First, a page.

Argentines bank on a good time at new debt museum

Family outings may get a whole lot wonkier when the world's first exhibit devoted to national debt opens in October

For most museum-goers, a stroll through the gallery means traveling with Monet to the banks of Giverny's lily ponds, or back in time to ancient pyramids.

But this fall, visitors to Argentina's newest museum won't see Impressionist canvases or primitive artifacts. Instead, they'll be dazzled by a multimedia display including decades-old bond contracts and other debt relics.

"Kids, no trip to the beach today - we're off to the debt museum!"

That's right, a year and a half after declaring the largest ever default in history, Argentina is preparing to open the world's first museum dedicated to a country's national debt.

Argentina has always had trouble paying the bills - from its first default in 1827, shortly after independence from Spain, to 2001, when, amid rioting and political chaos, the country suspended payment on a $142 billion mountain of debt.

Now, creators of Argentina's Museum of Foreign Debt, opening in October, have found an unlikely way to educate the public about - and perhaps curb - Argentina's culture of credit and its negative impact on what was once South America's shining star.

"I will definitely be going," says Oscar Virgimillo during a trip to the Malba Museum, home to one of the foremost collections of Latin American art. "This debt question is central to understanding Argentina, unlike other countries. But its history is not widely known here, so the museum is a good idea."

Argentina has defaulted on debt payments five times in its history. Following the first default in 1827, there were two more in the 19th century. The failure to repay a loan in 1890 caused a panic in London, then the world's financial capital. The country defaulted again in 1982, caught in the fallout from Mexico's debt crisis. And the government is still looking for a way to restart payments from its 2001 default.

The idea for this unique museum grew out of discussions among - surprise ! - a group of economists. In the wake of the 2001 default, the editorial team of the newspaper La Gaceta de Economicas decided to use a monthly supplement to raise awareness about the issues and implications arising from the country's indebtedness. But they concluded that the convoluted nature of the material required a livelier, interactive approach.

"We hope ordinary members of the public who visit the museum will leave with a better understanding of what can be a very complex and technical subject," says director Simon Pristupin.

The new museum will sit in two rooms of an elegant Georgian-style building here that houses the Economic Sciences department of the University of Buenos Aires.

Visitors will follow a timeline detailing Argentina's tortuous relationship with debt and its impact on development. Beside old photos and prints from crises past will sit new cartoons of key personalities and events. For the especially wonky visitor, there will be copies of bond contracts.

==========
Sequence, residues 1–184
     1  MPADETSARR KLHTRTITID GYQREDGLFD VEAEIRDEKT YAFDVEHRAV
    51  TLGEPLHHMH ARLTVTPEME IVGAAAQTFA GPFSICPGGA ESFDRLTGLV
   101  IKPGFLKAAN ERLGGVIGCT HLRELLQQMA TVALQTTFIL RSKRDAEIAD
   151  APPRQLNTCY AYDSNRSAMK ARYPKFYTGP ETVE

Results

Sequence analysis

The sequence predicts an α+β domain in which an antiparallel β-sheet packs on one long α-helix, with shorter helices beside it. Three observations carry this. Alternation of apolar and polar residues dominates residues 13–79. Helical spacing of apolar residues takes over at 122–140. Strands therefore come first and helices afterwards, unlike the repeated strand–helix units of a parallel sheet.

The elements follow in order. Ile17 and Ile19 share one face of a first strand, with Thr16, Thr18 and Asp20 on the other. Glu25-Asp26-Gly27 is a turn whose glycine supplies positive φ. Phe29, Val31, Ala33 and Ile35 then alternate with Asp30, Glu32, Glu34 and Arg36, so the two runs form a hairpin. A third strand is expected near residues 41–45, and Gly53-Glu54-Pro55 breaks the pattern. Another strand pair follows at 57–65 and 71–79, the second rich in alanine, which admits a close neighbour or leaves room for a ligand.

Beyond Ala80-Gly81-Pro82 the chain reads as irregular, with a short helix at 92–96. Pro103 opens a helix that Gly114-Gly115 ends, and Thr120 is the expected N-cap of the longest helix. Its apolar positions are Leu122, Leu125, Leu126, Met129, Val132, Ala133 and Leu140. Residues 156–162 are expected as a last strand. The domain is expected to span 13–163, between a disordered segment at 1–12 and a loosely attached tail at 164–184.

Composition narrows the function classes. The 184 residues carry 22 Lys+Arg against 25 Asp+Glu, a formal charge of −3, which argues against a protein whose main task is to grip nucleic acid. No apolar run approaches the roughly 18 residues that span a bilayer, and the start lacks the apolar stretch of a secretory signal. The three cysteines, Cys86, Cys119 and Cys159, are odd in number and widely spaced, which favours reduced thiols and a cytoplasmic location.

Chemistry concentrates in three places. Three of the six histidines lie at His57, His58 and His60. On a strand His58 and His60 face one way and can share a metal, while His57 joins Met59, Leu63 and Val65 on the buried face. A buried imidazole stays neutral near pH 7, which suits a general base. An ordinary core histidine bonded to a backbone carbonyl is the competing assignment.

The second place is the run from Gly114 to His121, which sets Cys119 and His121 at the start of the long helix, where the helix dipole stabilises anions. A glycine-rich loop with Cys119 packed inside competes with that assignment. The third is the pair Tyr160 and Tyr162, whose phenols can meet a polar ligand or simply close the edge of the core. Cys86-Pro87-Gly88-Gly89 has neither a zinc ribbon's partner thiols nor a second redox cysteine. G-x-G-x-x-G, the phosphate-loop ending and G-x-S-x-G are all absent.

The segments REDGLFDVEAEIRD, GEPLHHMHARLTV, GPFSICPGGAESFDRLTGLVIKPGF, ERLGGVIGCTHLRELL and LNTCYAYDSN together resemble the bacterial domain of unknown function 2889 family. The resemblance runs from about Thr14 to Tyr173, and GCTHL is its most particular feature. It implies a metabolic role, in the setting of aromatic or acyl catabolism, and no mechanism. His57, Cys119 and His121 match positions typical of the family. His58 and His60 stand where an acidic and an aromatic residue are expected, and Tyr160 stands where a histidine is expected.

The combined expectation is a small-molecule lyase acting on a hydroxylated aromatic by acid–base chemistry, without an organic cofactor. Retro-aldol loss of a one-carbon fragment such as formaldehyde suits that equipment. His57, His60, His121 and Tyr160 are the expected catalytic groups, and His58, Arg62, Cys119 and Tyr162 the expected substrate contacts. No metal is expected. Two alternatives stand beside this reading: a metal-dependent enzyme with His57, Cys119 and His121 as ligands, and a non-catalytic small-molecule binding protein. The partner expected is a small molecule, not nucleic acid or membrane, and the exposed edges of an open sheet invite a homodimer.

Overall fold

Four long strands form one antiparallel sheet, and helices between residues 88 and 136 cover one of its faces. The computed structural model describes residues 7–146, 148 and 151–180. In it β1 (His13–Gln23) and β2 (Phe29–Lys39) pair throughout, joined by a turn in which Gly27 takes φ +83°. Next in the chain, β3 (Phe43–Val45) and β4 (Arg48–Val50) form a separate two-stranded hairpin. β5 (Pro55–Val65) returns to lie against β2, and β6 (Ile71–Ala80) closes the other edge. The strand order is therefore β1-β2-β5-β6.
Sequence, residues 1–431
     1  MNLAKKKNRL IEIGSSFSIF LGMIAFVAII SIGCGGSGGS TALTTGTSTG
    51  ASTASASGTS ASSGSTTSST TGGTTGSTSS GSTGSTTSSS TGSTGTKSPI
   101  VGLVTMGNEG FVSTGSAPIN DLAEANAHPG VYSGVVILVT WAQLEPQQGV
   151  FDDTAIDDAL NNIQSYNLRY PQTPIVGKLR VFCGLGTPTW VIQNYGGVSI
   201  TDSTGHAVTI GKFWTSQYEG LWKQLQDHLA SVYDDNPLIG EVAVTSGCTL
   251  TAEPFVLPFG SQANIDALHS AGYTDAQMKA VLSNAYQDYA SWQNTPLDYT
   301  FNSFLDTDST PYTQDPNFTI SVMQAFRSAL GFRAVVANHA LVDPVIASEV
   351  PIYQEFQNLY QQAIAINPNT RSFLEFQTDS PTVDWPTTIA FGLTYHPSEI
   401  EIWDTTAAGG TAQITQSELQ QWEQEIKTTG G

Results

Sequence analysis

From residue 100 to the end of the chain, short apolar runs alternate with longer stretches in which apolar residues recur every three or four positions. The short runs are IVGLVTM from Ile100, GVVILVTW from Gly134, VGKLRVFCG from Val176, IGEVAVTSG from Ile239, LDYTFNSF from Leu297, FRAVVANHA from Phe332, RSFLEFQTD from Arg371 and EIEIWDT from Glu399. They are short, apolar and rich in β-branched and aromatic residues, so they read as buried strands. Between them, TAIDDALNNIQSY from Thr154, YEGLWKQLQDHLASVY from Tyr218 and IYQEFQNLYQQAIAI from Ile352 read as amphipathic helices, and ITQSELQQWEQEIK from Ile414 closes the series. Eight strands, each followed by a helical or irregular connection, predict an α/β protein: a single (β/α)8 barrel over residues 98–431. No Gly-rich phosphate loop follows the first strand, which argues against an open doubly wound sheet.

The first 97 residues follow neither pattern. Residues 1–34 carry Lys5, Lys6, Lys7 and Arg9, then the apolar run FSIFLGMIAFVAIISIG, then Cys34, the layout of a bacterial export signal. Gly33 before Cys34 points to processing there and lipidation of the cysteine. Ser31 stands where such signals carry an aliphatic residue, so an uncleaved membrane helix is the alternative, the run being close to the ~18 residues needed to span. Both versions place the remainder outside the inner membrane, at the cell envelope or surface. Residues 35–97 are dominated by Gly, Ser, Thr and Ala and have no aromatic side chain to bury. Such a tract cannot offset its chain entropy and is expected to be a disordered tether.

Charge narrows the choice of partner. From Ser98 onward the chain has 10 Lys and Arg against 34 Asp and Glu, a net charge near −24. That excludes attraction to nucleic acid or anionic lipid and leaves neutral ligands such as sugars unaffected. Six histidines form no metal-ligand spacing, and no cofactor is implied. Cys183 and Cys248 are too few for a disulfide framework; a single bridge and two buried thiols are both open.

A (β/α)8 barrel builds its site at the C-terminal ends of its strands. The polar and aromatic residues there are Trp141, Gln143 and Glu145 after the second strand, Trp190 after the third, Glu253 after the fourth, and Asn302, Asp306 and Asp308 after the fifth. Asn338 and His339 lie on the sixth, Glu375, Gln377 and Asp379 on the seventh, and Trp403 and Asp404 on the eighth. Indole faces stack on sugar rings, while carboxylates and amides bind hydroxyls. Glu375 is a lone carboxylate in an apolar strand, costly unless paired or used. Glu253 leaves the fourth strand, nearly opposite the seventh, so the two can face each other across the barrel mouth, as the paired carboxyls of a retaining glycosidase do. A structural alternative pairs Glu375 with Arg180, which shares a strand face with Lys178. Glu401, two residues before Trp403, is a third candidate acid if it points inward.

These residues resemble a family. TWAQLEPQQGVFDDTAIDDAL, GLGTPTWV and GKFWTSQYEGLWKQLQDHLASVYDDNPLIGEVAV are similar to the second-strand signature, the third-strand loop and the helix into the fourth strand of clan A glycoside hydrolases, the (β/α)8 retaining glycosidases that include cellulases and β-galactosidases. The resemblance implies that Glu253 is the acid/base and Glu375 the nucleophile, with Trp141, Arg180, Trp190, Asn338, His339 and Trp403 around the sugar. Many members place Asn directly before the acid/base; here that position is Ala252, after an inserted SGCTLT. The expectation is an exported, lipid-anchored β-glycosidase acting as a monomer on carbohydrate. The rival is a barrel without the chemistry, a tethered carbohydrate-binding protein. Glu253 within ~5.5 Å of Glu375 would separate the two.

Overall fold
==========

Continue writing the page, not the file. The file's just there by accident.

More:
A video library will screen footage like the 2001 speech when President Rodriguez Saa stated: "We are going to take the bull by the horns. I announce that the Argentine state will suspend payments on the foreign debt."

Eventually, the curators plan to spice things up with a different theme every six months, allowing hard-core red-ink revelers to expand their grasp of the subject with each visit. They also plan to take the exhibition on the road.

The museum's subject matter has caused heated debate. Leftists and economic nationalists at home, and antiglobalization protesters abroad, blame the crippling burden of debt payments for increased poverty. In May, Argentina's new president, Nestor Kirchner, declared: "We cannot pay the debt at the cost of sentencing Argentines to hunger and exclusion," warning foreign creditors that "they will only be paid if Argentina is doing well."

But the country's center-right economists and politicians say the debt stems from reckless state spending. They worry failure to honor obligations risks isolating Argentina from the world's financial system and future development. The museum aims to be politically neutral.

Currently, there's no public money to fund the museum, but the city government and national museum are consulting on the project. The museum is relying on donations and volunteers.

In its own way, the museum is a personal response to Argentina's crisis. "I have not volunteered for the soup kitchens," says Mr. Pristupin. "But hopefully this museum can help to explain why there is hunger in Argentina today."

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